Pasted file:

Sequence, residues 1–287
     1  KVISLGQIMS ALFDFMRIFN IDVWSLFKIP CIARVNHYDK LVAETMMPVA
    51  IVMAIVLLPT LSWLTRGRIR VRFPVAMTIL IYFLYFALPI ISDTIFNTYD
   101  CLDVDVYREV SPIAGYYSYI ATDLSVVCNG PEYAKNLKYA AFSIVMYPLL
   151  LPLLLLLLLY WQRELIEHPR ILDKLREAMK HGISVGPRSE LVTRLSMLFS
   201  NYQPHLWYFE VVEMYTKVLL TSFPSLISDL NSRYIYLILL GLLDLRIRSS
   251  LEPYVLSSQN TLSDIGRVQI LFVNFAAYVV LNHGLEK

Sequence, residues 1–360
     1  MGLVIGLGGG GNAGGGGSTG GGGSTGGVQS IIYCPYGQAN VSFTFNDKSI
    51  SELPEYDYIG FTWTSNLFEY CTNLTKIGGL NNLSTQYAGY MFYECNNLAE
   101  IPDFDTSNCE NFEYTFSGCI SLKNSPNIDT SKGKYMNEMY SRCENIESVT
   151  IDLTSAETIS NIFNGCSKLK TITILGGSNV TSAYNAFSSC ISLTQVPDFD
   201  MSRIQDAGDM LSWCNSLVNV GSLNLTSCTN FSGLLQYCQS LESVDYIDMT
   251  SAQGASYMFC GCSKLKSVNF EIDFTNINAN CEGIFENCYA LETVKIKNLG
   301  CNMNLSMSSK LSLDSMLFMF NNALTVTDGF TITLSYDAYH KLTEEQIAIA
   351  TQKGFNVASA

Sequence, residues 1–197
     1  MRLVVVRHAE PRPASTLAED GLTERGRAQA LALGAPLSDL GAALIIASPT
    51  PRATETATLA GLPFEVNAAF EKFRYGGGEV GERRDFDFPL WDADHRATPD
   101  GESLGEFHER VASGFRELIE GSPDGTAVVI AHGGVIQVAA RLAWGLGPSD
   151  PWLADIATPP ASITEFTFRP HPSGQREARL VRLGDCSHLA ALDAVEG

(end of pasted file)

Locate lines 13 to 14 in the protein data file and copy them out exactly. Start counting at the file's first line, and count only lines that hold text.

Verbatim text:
   201  MSRIQDAGDM LSWCNSLVNV GSLNLTSCTN FSGLLQYCQS LESVDYIDMT
   251  SAQGASYMFC GCSKLKSVNF EIDFTNINAN CEGIFENCYA LETVKIKNLG